Day 162: USA/Canada Border [mp 2660.10]
Spoiler alert: I made it!
It was pretty odd this morning waking up and being in no hurry to get anywhere. I was not meeting Cora until 4pm, a whopping 6.3 miles away.
Rabbit Stick came by for our (sadly last) morning hot chocolate. He was going to head on out after getting to the border, but hoped to see Cora and I at 10am the next morning. I wrote out a note for him to pass onto Cora when he saw her.
I started reading Slaughterhouse Five which I got from the post office at Stehekin. Even in the first few pages I started seeing all of these pop culture references. There was a reference to the “Children’s Crusade” and I remembered how one of the early tours of the USA that Husker Du did was called the “Children’s Crusade Tour”. (Granted I was about eight or nine when this tour happened, but that is beside the point).
Spent a long while drying my socks out over the Jetboil stove. I was able to get them from sopping wet to soggy wet. My feet went numb after I put the socks on. Right about noon I headed out onto the trail.
Stopped a few times to get some time lapse video of the clouds going by. Somehow I knew in the back of my mind that I would still be rushing to get to the border even though I had all day to get there. I have a great skill in burning up an entire day to reach a given point. If I only have to go five or forty miles in a day…it can take me all day to get there.
I have a photo from 1994 of me standing about five miles from the border, holding up a handwritten sign that read: “..Till a sign said ‘Canadian Border five miles from here’ – Bruce Springsteen”. It is a lyric from the song Joe Roberts off his excellent (and best) 1982 album “Nebraska” (to which the song was later used as the basis for the movie Sean Penn movie ‘The Indian Runner’ ).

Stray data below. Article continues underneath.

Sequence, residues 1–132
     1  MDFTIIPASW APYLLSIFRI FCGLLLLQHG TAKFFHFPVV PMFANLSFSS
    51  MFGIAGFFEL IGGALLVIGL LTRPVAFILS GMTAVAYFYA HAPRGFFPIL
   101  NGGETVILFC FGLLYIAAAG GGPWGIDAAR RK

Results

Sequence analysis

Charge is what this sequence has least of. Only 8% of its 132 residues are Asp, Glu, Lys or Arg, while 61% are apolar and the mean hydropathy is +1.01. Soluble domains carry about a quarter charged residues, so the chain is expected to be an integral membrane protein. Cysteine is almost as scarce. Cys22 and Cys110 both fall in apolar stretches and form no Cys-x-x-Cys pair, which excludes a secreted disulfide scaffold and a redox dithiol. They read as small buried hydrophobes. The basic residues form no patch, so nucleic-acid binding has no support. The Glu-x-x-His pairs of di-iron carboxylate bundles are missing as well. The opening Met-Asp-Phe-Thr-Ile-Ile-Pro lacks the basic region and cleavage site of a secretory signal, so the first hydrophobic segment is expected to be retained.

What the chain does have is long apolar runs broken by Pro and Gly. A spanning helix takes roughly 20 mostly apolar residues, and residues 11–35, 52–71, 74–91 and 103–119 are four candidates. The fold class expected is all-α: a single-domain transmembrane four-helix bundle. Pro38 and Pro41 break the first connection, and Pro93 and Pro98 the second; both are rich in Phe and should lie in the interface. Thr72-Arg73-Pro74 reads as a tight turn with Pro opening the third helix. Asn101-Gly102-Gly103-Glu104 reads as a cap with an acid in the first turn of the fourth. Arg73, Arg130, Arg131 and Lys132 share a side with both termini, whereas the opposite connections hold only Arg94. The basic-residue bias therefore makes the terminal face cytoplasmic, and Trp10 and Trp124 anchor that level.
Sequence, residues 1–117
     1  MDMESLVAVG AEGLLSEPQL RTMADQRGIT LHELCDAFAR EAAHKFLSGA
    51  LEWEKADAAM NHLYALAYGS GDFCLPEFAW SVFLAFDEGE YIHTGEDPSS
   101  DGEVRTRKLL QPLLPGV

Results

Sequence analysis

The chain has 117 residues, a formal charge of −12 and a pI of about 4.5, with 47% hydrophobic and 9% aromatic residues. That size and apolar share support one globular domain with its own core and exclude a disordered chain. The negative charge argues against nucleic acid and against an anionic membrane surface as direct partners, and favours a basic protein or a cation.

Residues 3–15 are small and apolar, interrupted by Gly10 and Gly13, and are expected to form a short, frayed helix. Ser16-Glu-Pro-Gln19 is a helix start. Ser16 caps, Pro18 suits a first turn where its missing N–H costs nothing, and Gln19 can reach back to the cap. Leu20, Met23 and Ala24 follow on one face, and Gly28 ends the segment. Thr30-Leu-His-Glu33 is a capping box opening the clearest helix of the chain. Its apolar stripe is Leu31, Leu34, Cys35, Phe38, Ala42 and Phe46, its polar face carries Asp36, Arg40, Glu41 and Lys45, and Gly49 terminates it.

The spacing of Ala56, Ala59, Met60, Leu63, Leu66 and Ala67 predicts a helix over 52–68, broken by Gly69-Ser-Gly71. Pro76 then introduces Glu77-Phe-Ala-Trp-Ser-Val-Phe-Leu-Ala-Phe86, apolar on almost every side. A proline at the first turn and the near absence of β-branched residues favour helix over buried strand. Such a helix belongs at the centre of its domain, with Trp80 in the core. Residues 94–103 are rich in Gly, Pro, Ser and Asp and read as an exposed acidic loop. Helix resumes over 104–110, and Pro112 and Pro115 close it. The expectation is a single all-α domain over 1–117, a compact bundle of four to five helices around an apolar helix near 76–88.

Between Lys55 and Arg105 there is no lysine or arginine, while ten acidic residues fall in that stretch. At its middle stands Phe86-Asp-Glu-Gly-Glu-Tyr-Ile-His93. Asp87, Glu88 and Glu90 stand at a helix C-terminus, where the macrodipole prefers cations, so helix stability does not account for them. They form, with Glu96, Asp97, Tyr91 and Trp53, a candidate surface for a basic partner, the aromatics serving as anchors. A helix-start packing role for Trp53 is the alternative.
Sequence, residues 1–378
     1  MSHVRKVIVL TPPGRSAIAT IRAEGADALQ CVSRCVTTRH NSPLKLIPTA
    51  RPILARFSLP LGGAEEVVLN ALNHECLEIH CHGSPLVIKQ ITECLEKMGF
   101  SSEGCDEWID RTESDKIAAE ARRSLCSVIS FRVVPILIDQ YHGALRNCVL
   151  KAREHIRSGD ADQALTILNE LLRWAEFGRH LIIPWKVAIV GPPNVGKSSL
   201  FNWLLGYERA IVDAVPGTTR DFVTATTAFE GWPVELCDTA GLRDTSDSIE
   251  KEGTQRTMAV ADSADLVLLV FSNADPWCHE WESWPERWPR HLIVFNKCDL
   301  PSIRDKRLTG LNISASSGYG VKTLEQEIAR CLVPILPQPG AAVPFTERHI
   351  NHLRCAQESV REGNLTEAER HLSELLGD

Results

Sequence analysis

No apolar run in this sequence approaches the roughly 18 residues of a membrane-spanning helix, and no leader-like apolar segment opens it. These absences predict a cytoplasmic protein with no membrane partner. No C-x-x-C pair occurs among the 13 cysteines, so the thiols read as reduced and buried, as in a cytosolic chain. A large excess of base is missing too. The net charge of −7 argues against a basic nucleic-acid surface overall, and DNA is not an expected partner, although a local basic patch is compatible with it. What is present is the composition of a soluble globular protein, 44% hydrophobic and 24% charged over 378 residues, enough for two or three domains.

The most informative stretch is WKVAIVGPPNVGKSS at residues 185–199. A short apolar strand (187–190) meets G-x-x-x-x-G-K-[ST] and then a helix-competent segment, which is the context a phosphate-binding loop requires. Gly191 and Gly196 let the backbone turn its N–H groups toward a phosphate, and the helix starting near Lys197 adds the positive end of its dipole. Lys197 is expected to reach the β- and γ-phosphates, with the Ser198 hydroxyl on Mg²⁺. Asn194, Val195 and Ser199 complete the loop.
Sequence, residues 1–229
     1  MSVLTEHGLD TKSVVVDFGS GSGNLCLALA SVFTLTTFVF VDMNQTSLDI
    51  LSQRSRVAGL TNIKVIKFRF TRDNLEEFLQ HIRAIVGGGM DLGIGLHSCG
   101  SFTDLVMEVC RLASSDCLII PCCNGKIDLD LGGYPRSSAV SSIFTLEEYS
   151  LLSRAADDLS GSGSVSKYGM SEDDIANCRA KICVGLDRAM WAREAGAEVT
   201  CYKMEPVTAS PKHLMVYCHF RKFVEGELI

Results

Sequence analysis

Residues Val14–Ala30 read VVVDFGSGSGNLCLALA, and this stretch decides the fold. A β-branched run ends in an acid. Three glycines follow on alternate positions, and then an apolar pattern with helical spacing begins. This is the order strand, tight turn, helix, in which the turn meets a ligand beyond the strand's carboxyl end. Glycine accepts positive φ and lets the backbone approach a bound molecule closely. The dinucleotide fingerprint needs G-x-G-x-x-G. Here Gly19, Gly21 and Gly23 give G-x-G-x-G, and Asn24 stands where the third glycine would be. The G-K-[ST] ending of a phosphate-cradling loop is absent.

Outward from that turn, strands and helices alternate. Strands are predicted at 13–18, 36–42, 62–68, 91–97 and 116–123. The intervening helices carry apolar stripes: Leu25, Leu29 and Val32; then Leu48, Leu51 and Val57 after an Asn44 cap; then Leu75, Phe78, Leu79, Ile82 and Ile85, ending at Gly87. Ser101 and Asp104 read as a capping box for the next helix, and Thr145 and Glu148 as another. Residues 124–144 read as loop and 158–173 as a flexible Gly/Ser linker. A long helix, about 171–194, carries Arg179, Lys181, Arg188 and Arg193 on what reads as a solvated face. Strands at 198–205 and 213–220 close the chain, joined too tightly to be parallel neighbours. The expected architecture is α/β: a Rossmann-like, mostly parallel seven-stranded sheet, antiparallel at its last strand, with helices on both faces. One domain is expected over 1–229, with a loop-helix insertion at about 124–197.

I checked my GPS app and saw that I had actually gone a little bit past the five mile mark. Since I had time (and had to get working on burning up the day) I walked southbound for a few minutes until I got to the spot on the trail where the Canadian border was actually five miles away. Right after reaching the spot I saw a northbound hiker heading my way. We said hello to each other, I think his name was Tyler. He had hiked most of the trail in 2003 but had to stop around Glacier Peak. So now eight years later he was finishing up the last bit of trail he had to do. I told him my plans and he seemed pretty confused at how I was going to meet Cora at the border, yet I was hiking south. I laughed and told him about trying to find the spot on the trail that was five miles from the border and how I had overshot the mark and was walking southbound for 1/4 mile. As we were talking we saw (drawing a blank, the couple with the two husky dogs), they had hit the border yesterday. They camped at the border and were headed south back to Hart’s Pass where someone was going to meet them and drive them out. They had wondered where I was since they thought I would have been done by now. I told them I was taking a couple extra weeks to do Washington since it is one of the best spots on the trail.
After he left I setup my tripod and took a few photos. I started back down the trail (northbound!) and started looking for the tree that I was standing next to in my 1994 photo. In that photo I was posing next to a tree at a spot I guessed was about five miles from the US/Canadian border. I was hiking with Pete Fish then and he had taken the photo.
The tree had a scar on the bottom that looked like an inverted “P” that was filled in. I walked for awhile and there it was, the tree! I took the phone out of airplane mode and saw that I was at 4.9 miles from the border, my “this is 1994 and GPS’s are hard to come by so I have to guess” guess was only a tenth of a mile off!
I started to prep stuff for the photo but knew I was going to have trouble reproducing the angle since Pete was holding the camera at a height around two feet higher than my tripod would go. Before I had a chance to figure out what to do…Storytime (the younger one) appeared. I congratulated him on finishing. He was redoing the whole trail this year because he took a bit too long last year and got stuck in snow once he hit mid Washington. He took the photo of me holding the sign and was pretty excited that it came out pretty close to the original. It took me a bit of time to reproduce the same 1994 issue frown that I was sporting back then. We bid each other goodbye and I continued north.